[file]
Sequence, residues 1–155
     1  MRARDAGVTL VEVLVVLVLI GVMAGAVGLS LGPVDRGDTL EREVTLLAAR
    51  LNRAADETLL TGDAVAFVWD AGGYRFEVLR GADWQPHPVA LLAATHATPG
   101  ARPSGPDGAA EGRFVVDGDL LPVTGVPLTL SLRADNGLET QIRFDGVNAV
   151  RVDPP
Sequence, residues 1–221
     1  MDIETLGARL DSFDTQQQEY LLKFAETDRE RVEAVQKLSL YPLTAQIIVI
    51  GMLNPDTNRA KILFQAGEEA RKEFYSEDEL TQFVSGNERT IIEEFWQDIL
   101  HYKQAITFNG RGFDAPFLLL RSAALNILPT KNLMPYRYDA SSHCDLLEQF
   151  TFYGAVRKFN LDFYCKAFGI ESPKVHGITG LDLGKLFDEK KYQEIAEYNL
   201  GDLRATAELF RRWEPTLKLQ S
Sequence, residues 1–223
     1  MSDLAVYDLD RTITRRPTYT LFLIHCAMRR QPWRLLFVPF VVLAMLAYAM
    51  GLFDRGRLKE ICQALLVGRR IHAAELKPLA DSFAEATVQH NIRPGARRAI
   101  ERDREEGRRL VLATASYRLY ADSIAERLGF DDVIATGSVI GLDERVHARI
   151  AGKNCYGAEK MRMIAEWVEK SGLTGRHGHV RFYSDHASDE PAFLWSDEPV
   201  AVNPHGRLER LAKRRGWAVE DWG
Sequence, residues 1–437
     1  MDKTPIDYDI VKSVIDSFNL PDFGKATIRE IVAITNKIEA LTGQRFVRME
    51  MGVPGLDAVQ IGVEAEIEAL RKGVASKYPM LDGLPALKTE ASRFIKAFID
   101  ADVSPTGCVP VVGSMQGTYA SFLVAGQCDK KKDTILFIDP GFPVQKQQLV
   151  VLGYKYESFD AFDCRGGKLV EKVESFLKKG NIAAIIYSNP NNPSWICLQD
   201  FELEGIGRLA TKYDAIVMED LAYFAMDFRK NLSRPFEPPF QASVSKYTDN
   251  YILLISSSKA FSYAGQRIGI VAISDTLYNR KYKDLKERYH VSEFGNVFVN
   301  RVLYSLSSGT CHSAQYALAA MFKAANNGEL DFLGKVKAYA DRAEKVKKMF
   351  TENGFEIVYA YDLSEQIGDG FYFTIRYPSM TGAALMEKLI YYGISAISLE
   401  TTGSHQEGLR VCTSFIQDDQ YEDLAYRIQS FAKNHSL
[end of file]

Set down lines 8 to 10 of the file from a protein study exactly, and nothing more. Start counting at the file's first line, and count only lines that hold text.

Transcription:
    51  GMLNPDTNRA KILFQAGEEA RKEFYSEDEL TQFVSGNERT IIEEFWQDIL
   101  HYKQAITFNG RGFDAPFLLL RSAALNILPT KNLMPYRYDA SSHCDLLEQF
   151  TFYGAVRKFN LDFYCKAFGI ESPKVHGITG LDLGKLFDEK KYQEIAEYNL